I fear that if one were to embark on the task of writing a book that enumerated the remaining fundamental protections, it may be just long enough to fill Twitter’s 140 character requirement. The Twitstitution.

Really, what 4th amendment rights does one have anymore? Police have to get a warrant? Well, not always. And even in cases where they really should have, it’s mostly okay. What if the prosecutor circumvents the probable cause requirement and adds charges later that aren’t supported by the evidence? Too bad, prove it at trial.

The role of the defense lawyer has gone from Constitutional law expert to mitigation specialist. Cases are won and lost on the facts, not the law. The law is dead to us. A lifeless corpse that taunts us and obstructs us in our efforts to keep the Govermental power in check. There is no longer any confidence backing up an assertion that an act by the police is “clearly illegal”. Frankly, there is no such thing anymore. Courts will find a way to condone whatever improper action we complain about.

“But he’s only 16, judge”, “he didn’t really threaten the use of a gun”, “he’s only doing this because he has a massive drug problem”.

Go to any court and sit in on any pre-trial negotiation and you’ll hear most, if not all defense lawyers use variations of the above. Mitigation specialists.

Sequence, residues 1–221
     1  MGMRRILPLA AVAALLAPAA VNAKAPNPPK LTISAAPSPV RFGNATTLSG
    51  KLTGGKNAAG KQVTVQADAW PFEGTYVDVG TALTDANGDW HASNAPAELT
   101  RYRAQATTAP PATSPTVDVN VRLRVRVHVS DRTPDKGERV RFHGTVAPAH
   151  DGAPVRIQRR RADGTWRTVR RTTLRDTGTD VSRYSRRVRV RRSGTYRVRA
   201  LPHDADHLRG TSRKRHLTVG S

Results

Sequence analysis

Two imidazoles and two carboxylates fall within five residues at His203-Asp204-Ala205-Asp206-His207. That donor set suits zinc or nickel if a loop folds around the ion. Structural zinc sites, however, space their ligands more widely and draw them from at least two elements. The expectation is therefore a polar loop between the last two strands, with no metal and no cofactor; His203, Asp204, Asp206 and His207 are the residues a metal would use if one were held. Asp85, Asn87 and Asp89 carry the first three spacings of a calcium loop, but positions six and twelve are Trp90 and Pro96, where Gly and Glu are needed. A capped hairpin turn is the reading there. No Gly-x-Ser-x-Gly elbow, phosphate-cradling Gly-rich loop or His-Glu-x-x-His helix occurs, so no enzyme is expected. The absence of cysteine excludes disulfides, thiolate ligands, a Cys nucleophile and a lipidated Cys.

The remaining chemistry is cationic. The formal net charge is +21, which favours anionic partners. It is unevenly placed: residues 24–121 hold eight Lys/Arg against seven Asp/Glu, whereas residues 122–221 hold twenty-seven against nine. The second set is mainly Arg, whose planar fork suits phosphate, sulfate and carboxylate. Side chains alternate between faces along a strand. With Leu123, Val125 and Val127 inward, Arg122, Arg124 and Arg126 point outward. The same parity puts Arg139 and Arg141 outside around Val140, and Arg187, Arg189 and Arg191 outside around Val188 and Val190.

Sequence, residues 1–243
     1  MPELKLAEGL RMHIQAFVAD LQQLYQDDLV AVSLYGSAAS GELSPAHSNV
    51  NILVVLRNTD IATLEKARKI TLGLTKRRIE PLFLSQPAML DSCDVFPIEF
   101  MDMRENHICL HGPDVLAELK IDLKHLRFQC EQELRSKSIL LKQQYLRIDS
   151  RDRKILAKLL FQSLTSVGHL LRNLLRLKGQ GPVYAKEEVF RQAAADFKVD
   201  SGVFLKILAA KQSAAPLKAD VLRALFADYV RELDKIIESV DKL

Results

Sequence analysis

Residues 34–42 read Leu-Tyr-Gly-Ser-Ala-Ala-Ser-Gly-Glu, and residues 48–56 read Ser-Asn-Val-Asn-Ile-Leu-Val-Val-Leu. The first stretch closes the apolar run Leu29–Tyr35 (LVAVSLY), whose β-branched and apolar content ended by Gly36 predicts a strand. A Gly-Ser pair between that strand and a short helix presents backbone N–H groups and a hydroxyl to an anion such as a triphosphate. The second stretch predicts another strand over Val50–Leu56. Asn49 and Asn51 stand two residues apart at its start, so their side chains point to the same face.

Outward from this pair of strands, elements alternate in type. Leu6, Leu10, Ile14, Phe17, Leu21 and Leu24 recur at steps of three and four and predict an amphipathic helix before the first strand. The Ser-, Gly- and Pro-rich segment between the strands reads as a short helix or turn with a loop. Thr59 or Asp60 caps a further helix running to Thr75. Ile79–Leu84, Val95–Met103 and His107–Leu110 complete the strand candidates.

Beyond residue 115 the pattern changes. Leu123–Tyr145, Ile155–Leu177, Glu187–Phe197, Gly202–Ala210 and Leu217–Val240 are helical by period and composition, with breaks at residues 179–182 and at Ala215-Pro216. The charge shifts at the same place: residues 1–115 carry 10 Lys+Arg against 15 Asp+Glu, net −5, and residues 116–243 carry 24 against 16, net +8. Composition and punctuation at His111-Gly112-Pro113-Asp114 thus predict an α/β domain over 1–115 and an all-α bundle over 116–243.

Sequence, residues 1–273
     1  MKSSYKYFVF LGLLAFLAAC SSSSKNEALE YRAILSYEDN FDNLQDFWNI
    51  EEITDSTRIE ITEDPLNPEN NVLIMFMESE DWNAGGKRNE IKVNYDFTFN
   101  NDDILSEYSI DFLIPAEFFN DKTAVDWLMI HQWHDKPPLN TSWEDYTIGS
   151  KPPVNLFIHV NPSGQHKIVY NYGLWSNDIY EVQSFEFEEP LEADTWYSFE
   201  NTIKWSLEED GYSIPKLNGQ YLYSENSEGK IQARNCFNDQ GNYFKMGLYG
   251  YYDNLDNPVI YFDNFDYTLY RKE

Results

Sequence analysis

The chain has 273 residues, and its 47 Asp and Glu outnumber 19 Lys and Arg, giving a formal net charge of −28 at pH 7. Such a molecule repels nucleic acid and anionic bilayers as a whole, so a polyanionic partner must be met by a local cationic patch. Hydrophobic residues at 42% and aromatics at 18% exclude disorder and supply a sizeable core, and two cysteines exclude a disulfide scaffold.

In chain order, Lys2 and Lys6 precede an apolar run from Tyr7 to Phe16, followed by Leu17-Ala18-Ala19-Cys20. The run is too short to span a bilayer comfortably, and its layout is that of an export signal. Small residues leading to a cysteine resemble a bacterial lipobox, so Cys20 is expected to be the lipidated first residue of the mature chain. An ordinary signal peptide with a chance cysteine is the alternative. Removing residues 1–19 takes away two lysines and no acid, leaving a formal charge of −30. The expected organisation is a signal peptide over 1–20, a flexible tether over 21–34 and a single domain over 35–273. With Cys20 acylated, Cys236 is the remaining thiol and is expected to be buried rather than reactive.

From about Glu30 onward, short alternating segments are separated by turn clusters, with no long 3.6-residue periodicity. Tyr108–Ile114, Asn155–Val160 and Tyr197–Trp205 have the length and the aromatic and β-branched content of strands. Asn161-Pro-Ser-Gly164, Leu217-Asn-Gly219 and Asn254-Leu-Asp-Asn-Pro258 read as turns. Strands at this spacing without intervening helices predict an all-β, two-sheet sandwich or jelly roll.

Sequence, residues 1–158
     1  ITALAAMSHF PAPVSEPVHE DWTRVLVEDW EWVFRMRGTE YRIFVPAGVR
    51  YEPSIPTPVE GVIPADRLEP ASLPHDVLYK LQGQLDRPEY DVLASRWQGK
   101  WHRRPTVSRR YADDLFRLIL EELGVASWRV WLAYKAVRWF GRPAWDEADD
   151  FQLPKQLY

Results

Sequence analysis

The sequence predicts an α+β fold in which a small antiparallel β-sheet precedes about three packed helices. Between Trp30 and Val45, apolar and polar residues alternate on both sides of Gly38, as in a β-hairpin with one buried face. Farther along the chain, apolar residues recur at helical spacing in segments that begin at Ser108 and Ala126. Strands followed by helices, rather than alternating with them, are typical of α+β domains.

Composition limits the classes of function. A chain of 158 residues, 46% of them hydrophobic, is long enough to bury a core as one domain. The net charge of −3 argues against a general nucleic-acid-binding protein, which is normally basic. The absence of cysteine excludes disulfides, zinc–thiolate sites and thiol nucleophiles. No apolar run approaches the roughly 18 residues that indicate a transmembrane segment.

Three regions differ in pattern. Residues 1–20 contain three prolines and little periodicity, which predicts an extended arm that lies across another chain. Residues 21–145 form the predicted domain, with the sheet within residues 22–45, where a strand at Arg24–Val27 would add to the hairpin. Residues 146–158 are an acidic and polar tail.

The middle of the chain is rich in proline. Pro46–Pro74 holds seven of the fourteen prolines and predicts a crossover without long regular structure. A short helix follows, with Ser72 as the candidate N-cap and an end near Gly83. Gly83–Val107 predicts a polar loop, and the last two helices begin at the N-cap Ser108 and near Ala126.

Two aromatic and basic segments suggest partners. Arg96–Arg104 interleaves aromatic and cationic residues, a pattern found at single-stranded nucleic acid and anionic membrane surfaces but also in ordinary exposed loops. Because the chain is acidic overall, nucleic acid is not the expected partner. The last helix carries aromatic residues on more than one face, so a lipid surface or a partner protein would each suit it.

That’s the only thing left to us: harkening back to the very individuality that the Constitution sought to protect. Each person is an individual, but instead of talking in terms of protection, we now speak of punishment. Each individual is different and must be punished differently.

Guilt upon arrest is but a foregone conclusion. All that remains to be determined is the term. We don’t practice law anymore; there is nothing noble left. We mitigate.

The law is dead and slowly, it’s killing us all too.

5 thoughts on “All that’s left to do is mitigate

  1. MJI

    Another true and thoughtful post. Factor in high public defender caseloads, the pressure to move business and government enabling harmless error analysis; it’s clear the point of due process get’s lost. During pre-trials, legal arguments rub too many Judge’s and prosecutors raw. They don’t want to be lawyers. So, the bargaining chip becomes the extreme.

    Part of the unfairness is how we divvy out discretion and skip due process in this state.

    The unfettered Judicial discretion in to transfer cases to “Part A”, a.k.a. “high court”. Imagine if we had indictments and “bind-over” hearings.

    Vesting discretion in the prosecutor in relation to Juvenile transfers and Youthful Offender Status.

    The disingenuous review of sentences by the Sentence Review Division and our sentence modification statutes.

    Perhaps we need to devise a cohesive strategy on these issues. As a group we’ll have to put self-interest and shameless self-promotion aside.

  2. Pingback: 234 Years | Fresno Criminal Defense